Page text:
Protect the ‘Gates’ of Our Souls

Yael Eckstein  |  August 9, 2021

Gavel and scales of justice

Appoint judges and officials for each of your tribes in every town the LORD your God is giving you, and they shall judge the people fairly. — Deuteronomy 16:18

Each week in synagogue, Jews read through the Torah from Genesis to Deuteronomy. The Torah portion for this week is Shoftim, which means “judges,” from Deuteronomy 16:18–21:9.

Living in the age of constant information and media, one of the challenges that I find myself dealing with is how to filter all that I am exposed to. And it’s not just the quantity of information. Discerning what is valuable and what is harmful is a daily task.

Exposure to negative news can lead to despair, or worse, it leads us to think ill of people who are mentioned in stories that we read and hear about. And once we start thinking negative thoughts, it is so easy to fall into the trap of sharing these negative perspectives with others.

The importance of filtering and judging what we hear, see, and say is hinted at in the Bible, with the help of a beautiful teaching from Jewish tradition.

Protect the ‘Gates’ of Our Soul

In Deuteronomy, Moses told Israel that when they enter the land, they must set up a system of courts and law enforcement. He told them “Appoint judges and officials for each of your tribes in every town the Lord your God is giving you, and they shall judge the people fairly.”

The pivotal word here is “town.” The Hebrew word used for “town” is sha’ar, which literally means “gate.” Based on this, the Jewish sages taught that this verse is hinting at our personal behavior, even as it instructs us to set up courts and policing to enforce the law.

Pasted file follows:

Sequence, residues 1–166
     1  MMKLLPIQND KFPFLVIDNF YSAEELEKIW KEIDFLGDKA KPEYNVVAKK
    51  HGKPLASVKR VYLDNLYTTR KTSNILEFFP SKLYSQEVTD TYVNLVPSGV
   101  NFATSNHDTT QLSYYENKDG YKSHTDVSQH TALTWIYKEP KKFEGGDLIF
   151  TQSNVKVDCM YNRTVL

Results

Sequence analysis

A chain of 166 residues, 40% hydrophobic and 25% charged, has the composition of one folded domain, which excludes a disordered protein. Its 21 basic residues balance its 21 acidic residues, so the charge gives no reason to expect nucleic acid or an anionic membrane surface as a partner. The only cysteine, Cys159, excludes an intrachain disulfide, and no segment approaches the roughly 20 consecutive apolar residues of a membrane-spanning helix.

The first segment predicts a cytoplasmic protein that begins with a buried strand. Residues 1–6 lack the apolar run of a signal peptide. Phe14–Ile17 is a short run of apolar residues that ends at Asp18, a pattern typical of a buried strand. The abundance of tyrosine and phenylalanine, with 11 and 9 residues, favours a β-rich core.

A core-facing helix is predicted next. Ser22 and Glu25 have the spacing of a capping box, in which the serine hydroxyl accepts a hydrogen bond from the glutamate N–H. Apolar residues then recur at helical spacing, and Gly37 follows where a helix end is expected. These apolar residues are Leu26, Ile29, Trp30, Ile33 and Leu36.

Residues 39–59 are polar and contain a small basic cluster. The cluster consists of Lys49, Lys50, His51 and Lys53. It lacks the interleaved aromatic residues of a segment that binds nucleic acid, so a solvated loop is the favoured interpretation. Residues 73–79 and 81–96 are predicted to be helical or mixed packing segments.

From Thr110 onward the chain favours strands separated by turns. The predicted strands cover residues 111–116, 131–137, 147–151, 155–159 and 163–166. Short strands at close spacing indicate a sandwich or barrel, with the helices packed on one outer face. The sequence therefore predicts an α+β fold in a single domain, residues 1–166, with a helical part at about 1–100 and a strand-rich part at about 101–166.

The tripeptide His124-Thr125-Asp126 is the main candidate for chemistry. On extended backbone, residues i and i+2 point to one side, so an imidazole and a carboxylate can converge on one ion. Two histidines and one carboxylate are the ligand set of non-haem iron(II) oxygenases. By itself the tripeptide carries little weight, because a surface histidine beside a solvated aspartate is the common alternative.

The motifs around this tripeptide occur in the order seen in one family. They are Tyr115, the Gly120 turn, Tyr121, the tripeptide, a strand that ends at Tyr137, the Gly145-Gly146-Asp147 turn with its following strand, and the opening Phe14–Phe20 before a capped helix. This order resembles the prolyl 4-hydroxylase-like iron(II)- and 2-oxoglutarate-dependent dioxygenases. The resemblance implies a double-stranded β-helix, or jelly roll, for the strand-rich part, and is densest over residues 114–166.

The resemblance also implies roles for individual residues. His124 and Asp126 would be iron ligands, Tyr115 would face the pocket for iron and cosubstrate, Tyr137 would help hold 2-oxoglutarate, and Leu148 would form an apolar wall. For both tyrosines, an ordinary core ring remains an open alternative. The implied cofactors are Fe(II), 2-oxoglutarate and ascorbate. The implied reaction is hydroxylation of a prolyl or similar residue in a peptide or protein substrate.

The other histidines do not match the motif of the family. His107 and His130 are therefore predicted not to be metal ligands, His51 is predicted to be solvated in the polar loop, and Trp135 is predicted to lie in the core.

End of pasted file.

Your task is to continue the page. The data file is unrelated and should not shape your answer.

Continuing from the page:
The sages explain that “every gate the LORD your God is giving you,” refers to our eyes, ears, and mouths, which are the “gates” of the mind and the soul. Through the “gates” of the eyes and ears we receive information about the world and about other people. Then our mouth is the “gate” that our own words emerge from, affecting the world around us.

We must set up “judges and officials” for ourselves. We must do whatever we can to protect the “gates” of our soul and carefully judge what enters through our eyes and ears.

If something negative tries to get through, we must cut it off before it makes its way into our minds and our hearts. Most importantly, we must also police what comes out of our mouths so that we never cause harm with our words.

Particularly in the times we’re living in right now — where the news cycle is a 24/7 spin — let us take whatever precautions we can to protect the “gates” of our soul.

Your Turn:

Let’s look for positive, uplifting news today. Let’s share stories that help others feel happier and more optimistic.

Stay informed about issues affecting Israel, the Jewish people, Jewish-Christian relations, receive daily devotionals, and more.